Rewatched May 28, 2012
Steve Grzesiak’s review:
In the 2 years around the time and between Thunderball and You Only Live Twice, a lot had happened in the spy film genre. Suddenly, James Bond had a bespectacled Cockney rival in the form of Harry Palmer. The Ipcress File and Funeral In Berlin had come and gone, been box office and critical successes, and Billion Dollar Brain was looming on the horizon.
So, with the slightly more serious minded spy film now being covered elsewhere, the Bond series had to move forward - and it did so by getting sillier. Much siller. It's a decision that still, to this day, doesn't sit well with many people, but it was certainly proved to be necessary in the evolution of the series and its continued box office success at least.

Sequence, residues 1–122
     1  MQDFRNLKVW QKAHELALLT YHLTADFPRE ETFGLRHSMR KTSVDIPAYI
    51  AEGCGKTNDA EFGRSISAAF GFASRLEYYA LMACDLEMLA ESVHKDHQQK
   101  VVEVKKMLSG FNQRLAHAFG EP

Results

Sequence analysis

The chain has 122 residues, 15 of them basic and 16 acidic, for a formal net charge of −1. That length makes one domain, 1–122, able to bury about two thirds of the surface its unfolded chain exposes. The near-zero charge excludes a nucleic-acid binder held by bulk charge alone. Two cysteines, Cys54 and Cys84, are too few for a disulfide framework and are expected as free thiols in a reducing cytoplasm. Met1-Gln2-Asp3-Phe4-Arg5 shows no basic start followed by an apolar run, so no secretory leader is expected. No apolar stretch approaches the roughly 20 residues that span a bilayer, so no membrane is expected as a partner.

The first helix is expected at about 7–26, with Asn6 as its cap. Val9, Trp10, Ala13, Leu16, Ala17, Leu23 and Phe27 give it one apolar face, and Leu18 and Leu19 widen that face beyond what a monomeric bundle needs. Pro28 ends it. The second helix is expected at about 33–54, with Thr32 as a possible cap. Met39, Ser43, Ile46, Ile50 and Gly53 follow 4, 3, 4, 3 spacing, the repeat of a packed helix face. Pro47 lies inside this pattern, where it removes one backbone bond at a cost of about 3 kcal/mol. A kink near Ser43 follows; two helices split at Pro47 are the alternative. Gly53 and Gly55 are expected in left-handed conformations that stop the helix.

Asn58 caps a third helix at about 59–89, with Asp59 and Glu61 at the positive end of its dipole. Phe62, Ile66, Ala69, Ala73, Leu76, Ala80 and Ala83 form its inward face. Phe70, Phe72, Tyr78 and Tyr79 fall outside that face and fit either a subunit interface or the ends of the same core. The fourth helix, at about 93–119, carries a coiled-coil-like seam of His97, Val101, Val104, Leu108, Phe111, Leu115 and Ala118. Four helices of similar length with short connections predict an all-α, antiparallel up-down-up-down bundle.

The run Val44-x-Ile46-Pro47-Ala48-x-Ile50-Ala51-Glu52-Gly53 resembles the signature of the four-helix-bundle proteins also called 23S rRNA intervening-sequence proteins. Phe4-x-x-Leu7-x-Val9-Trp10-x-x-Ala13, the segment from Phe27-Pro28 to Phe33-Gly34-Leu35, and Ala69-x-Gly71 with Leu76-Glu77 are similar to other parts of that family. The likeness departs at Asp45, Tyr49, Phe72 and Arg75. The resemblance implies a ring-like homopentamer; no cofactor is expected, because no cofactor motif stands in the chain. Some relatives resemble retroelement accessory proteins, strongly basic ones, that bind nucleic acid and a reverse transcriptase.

As such, Bond decamps for pretty much the entirety of the film to Japan as he stops Blofeld and chums from pinching space rockets from Russia and USA in an attempt to start a new World War between the two. He unfurls a mini helicopter, becomes unconvincingly Japanese for a short while, and meets a bloke who, genuinely, says "Ahh so!" No, really.
The fake assassination at the beginning of the film is still its best moment but the ending is still really impressive in its scale and packed with excitement, even if the stalled attempt at assassinating Bond, properly this time, is stupid even by the standards of the series. It's one of the very best endings to any Bond film, though, and one that still impresses even now.
Of course, the series was about to hit its first major bump in the road, but after, arguably, the two least memorable entries in the pre-Dalton Bond era, it perhaps needed it. Despite that, You Only Live Twice thankfully lacks the stretches of boredom present in Thunderball and is a really good romp for the most part.